Hu Yang's extensive photographic publication "Shanghai Living" documents the living spaces of 500 families living in today's Shanghai. A selection of 100 of the images were first displayed at ShanghART Gallery and gained unforeseen public attention due to their rare and unique presentation of intimate and private spaces.
The featured photographs take on an anthropological and sociological approach that attempts to mirror the dramatic changes in domestic living situations that occurred following the process of modernization and the Open Door policy in China. The photographs act as cultural documents as well as aesthetic objects that give us an almost voyeuristic view into a group of diverse private spheres ranging from the modest dwellings of migrant workers to the luxurious abodes of foreign diplomats and successful business people. The photographs are contextualized with captions that quote the respective inhabitants’ conversations with the photographer prior to the shoot. In these conversations, Hu Yang focuses on the same three elemental questions: How is your quality of life now? What is your hope/wish for the future? Finally, what is your biggest pain/trouble?
The "Shanghai Living" series functions as an archive: all subjects and interiors, whether wealthy or impoverished, are equally treated. One might naturally question the objectivity, authenticity, and honesty of the documentary photos. As with any other visual art form, the intentions and stylistic strategies are, ultimately, always a subjective choice made by the photographer. Nevertheless, these intimate portraits do not come across as staged settings, and unlike exterior views of the city, they are spaces that are otherwise closed to the public. In the end, it is up to the spectator to manage and interpret these contemporary iconographies of modern Shanghai homes.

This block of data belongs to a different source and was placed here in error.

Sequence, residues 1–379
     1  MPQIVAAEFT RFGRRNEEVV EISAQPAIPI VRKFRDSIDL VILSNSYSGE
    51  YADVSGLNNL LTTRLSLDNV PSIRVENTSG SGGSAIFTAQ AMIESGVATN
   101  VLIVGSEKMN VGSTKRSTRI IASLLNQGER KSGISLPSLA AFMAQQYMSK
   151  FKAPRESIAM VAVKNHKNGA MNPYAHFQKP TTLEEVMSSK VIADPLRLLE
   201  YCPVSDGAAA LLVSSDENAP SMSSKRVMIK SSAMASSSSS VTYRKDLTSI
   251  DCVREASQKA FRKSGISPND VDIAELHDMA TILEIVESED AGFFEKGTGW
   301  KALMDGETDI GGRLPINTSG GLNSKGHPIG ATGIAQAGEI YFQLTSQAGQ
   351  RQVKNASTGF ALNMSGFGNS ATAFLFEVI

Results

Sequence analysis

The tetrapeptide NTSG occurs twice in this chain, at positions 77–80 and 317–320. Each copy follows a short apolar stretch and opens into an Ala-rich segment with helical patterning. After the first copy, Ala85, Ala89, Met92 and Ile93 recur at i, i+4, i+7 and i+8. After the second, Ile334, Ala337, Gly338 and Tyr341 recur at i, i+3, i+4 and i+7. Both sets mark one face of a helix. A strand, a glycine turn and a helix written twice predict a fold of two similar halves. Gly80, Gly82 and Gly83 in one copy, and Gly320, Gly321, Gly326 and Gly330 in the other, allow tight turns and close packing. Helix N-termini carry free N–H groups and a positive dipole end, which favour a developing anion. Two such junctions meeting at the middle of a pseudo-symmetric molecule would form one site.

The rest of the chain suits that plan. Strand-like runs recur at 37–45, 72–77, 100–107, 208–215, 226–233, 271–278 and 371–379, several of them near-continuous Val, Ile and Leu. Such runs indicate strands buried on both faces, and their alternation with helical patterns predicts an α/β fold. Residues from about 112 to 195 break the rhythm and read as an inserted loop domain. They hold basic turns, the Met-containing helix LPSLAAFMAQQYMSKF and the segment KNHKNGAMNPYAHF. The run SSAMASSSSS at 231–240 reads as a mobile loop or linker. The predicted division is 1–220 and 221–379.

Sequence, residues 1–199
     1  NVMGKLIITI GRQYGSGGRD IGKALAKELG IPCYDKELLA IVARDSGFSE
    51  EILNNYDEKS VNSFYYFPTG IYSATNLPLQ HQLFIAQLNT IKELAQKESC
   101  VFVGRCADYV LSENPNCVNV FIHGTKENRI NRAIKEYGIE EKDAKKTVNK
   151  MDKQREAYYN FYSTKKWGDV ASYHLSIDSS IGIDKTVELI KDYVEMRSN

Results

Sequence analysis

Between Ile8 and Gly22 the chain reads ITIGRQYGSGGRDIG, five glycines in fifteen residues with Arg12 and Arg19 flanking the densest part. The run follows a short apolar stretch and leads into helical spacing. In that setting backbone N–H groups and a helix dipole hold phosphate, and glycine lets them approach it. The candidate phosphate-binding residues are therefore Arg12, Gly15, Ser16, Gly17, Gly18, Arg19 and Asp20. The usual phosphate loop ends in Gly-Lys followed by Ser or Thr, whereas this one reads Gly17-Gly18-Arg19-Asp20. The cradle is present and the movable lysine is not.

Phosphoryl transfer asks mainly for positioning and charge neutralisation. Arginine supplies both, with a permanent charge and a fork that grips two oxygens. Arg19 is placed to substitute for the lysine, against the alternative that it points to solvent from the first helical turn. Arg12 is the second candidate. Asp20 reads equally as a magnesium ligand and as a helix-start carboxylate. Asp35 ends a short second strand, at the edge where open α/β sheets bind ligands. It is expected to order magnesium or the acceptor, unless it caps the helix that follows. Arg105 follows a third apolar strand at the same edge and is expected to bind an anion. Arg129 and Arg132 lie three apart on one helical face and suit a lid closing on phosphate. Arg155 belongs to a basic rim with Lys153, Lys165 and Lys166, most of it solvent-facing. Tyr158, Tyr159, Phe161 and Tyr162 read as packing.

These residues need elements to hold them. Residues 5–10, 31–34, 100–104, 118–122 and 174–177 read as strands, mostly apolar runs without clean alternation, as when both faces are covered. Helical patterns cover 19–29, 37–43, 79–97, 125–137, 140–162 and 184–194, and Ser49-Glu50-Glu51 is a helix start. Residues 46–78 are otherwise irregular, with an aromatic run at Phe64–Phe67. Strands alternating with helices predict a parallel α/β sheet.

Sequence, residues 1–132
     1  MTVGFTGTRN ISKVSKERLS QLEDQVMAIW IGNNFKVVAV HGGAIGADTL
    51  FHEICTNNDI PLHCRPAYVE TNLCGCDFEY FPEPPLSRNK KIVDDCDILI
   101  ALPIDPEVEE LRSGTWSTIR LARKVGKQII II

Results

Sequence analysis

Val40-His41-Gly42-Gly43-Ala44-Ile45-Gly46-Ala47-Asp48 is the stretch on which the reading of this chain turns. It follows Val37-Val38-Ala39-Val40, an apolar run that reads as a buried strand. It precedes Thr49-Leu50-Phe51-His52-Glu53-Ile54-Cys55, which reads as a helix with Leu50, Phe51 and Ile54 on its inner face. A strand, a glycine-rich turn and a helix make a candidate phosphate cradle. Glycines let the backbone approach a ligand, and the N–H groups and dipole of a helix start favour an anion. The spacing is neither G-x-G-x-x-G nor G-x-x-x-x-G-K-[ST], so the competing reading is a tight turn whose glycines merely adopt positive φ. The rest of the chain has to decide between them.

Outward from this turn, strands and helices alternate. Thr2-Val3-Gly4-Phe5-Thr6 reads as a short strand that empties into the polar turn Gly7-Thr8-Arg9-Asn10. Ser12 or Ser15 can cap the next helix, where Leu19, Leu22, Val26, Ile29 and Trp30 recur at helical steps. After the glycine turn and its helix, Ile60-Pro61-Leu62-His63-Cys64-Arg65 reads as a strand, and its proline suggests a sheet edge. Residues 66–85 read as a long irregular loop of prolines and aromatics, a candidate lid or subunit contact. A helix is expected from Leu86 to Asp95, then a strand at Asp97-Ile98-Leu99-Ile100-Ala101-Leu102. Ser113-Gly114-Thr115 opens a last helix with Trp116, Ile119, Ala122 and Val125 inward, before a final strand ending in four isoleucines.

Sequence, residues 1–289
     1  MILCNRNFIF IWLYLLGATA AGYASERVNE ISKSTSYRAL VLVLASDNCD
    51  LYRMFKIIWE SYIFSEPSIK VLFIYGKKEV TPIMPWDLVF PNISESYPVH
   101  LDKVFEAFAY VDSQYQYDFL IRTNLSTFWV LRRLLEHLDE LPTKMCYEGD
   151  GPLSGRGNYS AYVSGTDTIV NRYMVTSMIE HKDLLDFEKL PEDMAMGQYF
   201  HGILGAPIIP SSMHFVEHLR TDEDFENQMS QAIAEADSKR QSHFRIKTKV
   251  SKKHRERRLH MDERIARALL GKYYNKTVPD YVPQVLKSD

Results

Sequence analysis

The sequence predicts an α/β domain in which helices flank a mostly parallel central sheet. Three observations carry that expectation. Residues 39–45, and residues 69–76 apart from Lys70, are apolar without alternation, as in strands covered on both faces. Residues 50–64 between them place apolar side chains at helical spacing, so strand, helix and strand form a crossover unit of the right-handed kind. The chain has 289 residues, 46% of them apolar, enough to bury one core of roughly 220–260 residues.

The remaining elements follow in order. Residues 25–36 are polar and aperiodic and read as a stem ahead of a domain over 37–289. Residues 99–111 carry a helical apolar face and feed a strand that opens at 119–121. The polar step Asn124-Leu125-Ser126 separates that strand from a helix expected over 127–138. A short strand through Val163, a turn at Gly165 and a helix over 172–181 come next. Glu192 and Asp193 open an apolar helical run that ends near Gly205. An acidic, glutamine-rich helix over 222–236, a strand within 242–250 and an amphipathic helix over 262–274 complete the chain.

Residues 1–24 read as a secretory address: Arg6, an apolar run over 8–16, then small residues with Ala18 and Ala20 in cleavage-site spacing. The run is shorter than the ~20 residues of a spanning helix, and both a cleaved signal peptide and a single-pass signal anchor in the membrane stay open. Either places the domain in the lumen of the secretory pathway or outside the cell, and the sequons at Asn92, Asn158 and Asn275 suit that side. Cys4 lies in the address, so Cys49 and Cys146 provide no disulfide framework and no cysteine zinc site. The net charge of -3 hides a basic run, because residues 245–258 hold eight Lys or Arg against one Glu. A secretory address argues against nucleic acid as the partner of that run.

Hu Yang's recent exhibitions include 10th Anniversary Festival "Contemporary Art in Traditional Museum", The Museum of Traveler P. Kozlov, St.Petersburg, Russia (2012); Reversed Image, Representations of Shanghai and its Contemporary Material Culture, Museum of Contemporary Photography at Columbia College Chicago , Chicago, U.S.A. (2009); The China Project—Three Decades: The Contemporary Chinese Collection, Queensland Art Gallery, Australia(2009); Shanghai Longtang, ShanghART F-Space, Shanghai (2008), Timefestival 2007, De Witte Zaal, Sint-Lucas Institute for Architecture, Ghent, Belgium(2007), Dans la ville chinoise, Regards sur les mutations d'un empire, Galeries d'expositions temporaires, france(2008); China Contemporary, Art, Architecture and Visual Culture, Photomuseum (Rotterdam, 2006), Sixth International Photography Month in Moscow: Photobiennale 2006, Moscow House of Photography, Shifting Views: Chinese Urban Documentary Photography, Michigan University (2005), Re(-)viewing the City (2005), Guangzhou Photo Biennale, Guangdong Art Museum (2005) and Hu Yang, Shanghai Living, ShanghART Gallery, H-Space (2005).